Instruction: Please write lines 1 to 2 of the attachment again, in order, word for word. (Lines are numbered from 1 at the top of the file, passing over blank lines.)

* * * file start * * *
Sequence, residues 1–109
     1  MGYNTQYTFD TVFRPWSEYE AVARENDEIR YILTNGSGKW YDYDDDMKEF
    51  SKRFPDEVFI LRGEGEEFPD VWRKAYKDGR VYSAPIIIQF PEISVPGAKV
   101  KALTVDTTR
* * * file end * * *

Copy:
Sequence, residues 1–109
     1  MGYNTQYTFD TVFRPWSEYE AVARENDEIR YILTNGSGKW YDYDDDMKEF